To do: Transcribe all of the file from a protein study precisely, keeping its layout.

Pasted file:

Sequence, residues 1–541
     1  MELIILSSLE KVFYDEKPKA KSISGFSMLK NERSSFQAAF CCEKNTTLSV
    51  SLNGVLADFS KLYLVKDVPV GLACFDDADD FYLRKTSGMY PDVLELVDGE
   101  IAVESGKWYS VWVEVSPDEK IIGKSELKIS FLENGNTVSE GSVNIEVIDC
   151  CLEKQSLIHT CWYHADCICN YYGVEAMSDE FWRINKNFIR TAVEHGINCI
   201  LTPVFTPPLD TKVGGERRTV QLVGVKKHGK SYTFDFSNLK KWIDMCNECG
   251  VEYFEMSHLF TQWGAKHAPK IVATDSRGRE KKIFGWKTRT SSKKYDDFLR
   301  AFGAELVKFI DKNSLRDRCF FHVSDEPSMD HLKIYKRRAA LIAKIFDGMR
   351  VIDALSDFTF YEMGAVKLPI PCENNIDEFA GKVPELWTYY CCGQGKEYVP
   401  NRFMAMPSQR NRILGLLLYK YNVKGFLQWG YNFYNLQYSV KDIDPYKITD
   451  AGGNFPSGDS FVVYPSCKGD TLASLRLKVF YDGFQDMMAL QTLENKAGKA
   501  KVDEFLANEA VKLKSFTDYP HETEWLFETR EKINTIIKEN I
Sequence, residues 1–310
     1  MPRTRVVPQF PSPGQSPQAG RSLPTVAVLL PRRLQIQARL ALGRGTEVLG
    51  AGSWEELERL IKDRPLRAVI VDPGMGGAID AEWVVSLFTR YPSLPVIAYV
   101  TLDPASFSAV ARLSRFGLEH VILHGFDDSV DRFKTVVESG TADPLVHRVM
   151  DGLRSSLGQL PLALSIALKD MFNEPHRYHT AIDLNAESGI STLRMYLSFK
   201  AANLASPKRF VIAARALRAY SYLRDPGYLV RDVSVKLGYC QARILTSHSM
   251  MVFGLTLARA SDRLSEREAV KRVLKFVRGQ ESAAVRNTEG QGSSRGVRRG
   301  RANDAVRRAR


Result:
Sequence, residues 1–541
     1  MELIILSSLE KVFYDEKPKA KSISGFSMLK NERSSFQAAF CCEKNTTLSV
    51  SLNGVLADFS KLYLVKDVPV GLACFDDADD FYLRKTSGMY PDVLELVDGE
   101  IAVESGKWYS VWVEVSPDEK IIGKSELKIS FLENGNTVSE GSVNIEVIDC
   151  CLEKQSLIHT CWYHADCICN YYGVEAMSDE FWRINKNFIR TAVEHGINCI
   201  LTPVFTPPLD TKVGGERRTV QLVGVKKHGK SYTFDFSNLK KWIDMCNECG
   251  VEYFEMSHLF TQWGAKHAPK IVATDSRGRE KKIFGWKTRT SSKKYDDFLR
   301  AFGAELVKFI DKNSLRDRCF FHVSDEPSMD HLKIYKRRAA LIAKIFDGMR
   351  VIDALSDFTF YEMGAVKLPI PCENNIDEFA GKVPELWTYY CCGQGKEYVP
   401  NRFMAMPSQR NRILGLLLYK YNVKGFLQWG YNFYNLQYSV KDIDPYKITD
   451  AGGNFPSGDS FVVYPSCKGD TLASLRLKVF YDGFQDMMAL QTLENKAGKA
   501  KVDEFLANEA VKLKSFTDYP HETEWLFETR EKINTIIKEN I
Sequence, residues 1–310
     1  MPRTRVVPQF PSPGQSPQAG RSLPTVAVLL PRRLQIQARL ALGRGTEVLG
    51  AGSWEELERL IKDRPLRAVI VDPGMGGAID AEWVVSLFTR YPSLPVIAYV
   101  TLDPASFSAV ARLSRFGLEH VILHGFDDSV DRFKTVVESG TADPLVHRVM
   151  DGLRSSLGQL PLALSIALKD MFNEPHRYHT AIDLNAESGI STLRMYLSFK
   201  AANLASPKRF VIAARALRAY SYLRDPGYLV RDVSVKLGYC QARILTSHSM
   251  MVFGLTLARA SDRLSEREAV KRVLKFVRGQ ESAAVRNTEG QGSSRGVRRG
   301  RANDAVRRAR